Adult Literary

Klara and the Sun by Kazuo Ishiguro Review

Kazuo Ishiguro’s first novel since he was awarded the Nobel Prize in Literature, Klara and the Sun walks a perfect line between a feeling of whimsy and probing deep into the question of what makes us human. You’ve got this book that’s told (almost, because Klara is an AI) from the perspective of a child yet the story deals with these intense and weighty themes. It’s really quite magnificently done.

Told from the perspective of Artificial Friend, Klara, the story unfolds through the lens of her childlike wonder. Klara’s (artificially intelligent) thought processes are limited by her programming and express themselves more in childlike concretes than mature adult deductions. She develops (among other quirks) a devotion-like relationship to the sun; after all, the sun is her nourishment (Klara is solar-powered). Her naïveté leads to unexpected adventures, and Klara has a way of inspiring support — even when success seems like a long shot. Klara (like the humans around her) continues to hope.

“Hope,’ he said. ‘Damn thing never leaves you alone.”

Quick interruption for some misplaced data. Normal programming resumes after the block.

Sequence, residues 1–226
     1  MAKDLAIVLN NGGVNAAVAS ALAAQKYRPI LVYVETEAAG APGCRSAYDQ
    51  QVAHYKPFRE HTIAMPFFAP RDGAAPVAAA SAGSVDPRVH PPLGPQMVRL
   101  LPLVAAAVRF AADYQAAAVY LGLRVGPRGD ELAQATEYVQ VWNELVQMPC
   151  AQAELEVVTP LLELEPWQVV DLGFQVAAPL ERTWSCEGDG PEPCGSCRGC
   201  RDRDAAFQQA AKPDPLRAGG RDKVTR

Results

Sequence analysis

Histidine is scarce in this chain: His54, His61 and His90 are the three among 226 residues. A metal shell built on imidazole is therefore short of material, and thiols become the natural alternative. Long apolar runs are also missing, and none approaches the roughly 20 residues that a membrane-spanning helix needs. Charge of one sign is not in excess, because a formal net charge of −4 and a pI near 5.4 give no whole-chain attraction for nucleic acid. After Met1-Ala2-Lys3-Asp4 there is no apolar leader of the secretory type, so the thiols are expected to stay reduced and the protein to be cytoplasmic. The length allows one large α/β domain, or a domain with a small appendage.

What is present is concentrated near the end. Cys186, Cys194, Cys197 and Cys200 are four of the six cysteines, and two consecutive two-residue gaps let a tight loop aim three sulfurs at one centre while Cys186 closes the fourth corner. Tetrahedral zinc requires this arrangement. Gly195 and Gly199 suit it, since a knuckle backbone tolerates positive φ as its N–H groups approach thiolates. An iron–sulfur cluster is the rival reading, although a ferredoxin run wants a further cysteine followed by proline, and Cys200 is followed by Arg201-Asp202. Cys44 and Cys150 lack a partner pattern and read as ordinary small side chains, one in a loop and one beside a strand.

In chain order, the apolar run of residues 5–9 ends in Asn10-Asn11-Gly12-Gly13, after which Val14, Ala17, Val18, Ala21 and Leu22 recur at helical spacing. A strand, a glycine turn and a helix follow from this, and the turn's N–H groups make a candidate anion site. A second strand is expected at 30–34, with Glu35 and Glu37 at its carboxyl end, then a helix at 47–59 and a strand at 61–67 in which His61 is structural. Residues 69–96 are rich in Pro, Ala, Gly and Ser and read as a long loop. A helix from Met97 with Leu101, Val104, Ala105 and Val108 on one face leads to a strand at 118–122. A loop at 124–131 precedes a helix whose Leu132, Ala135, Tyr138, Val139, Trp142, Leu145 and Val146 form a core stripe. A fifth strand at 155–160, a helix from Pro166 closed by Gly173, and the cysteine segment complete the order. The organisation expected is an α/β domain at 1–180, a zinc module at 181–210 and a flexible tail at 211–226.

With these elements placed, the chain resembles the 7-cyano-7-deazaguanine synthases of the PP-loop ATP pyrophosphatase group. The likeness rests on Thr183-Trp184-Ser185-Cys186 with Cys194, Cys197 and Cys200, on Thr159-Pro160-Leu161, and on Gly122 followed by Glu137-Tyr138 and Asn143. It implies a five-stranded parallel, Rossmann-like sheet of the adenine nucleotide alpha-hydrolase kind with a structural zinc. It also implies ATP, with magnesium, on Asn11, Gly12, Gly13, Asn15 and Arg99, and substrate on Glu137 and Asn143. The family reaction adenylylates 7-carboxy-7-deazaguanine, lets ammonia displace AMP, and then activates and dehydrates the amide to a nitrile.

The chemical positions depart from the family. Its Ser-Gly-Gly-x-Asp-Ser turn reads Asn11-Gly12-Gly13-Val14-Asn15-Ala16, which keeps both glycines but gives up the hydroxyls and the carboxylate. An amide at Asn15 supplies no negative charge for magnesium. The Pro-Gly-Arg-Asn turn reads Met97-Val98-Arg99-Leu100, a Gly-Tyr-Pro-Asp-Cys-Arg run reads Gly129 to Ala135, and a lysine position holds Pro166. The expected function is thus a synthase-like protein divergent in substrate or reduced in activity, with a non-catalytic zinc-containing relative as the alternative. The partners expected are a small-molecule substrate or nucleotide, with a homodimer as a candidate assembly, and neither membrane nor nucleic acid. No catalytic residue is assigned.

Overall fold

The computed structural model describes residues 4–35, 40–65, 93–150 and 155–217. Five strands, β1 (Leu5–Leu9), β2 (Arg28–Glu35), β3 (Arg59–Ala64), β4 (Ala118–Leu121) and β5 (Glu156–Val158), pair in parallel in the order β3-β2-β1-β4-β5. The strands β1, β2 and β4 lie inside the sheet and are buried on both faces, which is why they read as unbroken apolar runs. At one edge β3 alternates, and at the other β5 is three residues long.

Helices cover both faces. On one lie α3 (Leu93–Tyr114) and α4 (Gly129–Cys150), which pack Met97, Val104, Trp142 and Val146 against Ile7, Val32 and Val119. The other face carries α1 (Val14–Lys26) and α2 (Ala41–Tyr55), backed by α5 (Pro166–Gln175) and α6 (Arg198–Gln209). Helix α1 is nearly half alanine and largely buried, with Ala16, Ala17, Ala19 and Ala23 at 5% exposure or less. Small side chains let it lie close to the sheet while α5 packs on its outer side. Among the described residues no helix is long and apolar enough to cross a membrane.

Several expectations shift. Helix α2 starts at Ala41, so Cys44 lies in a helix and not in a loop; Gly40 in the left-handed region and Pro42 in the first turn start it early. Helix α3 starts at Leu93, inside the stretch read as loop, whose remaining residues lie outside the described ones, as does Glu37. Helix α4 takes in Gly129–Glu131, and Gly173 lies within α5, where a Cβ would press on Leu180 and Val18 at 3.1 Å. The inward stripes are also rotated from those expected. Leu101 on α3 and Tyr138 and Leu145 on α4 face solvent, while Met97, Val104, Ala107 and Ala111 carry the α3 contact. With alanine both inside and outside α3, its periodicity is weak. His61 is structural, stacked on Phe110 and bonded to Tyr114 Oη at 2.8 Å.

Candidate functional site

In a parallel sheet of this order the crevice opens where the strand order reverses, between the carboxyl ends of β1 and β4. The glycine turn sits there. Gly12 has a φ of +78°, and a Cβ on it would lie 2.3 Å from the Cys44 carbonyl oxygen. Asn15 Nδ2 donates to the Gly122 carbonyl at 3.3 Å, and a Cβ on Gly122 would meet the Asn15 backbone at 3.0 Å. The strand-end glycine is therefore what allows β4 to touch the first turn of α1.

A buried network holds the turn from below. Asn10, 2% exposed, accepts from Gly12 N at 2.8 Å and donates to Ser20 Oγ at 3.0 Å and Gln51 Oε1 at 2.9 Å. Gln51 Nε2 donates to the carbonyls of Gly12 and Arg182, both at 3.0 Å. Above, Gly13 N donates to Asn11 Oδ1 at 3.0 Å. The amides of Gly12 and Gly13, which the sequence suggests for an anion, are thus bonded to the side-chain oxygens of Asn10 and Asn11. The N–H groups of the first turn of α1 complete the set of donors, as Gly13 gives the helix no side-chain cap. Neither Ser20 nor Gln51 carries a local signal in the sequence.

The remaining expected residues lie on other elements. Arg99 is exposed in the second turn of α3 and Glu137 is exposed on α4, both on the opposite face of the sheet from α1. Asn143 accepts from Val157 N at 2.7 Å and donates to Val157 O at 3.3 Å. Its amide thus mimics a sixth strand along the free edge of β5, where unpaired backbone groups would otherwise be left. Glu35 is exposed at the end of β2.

Kazuo Ishiguro, Klara and the Sun

What Klara lacks in mature logic, however, she makes up for in observational skills. And it’s her curious perceptiveness that sets her apart in the shop where AFs wait, mannequin-like, to be purchased by someone sufficiently loaded. Because in the near-future world Ishiguro has created, AFs are the ultimate status symbol. But it’s precisely Klara’s perceptiveness that draws the notice of Josie, a child whose health is failing.

“Sometimes,’ she said, ‘at special moments like that, people feel a pain alongside their happiness. I’m glad you watch everything so carefully, Klara.” 

Kazuo Ishiguro, Klara and the Sun

Klara becomes Josie’s companion, but also the somewhat confidant of Josie’s mom. It’s complicated. Josie’s mom has already lost one child, and there’s a heaviness that clings to the household in light of Josie’s illness.

At the center of Klara and the Sun, (a book all about and rocking its themes) are the themes of loss and grief and what makes humanity unique in a world being slowly (yet relentlessly) remade in the image of artificial intelligence and genetic engineering. Could AI Klara ever graduate from Artificial Friend to consummate companion? Meaning, could she ever replace another human being like for like?

A compelling read and one that will have me coming back for more of Ishiguro’s books.

Book: Klara and the Sun
Published: Faber & Faber
Pages: 307
Publication Date: March 2nd, 2021
Stars: 4.5/5

Jonathan Ball Publishers kindly sent me a free copy of this book in exchange for an honest review. This does not affect my opinion, rating, or the content of my review.


Leave a Reply

Fill in your details below or click an icon to log in: Logo

You are commenting using your account. Log Out /  Change )

Facebook photo

You are commenting using your Facebook account. Log Out /  Change )

Connecting to %s

%d bloggers like this: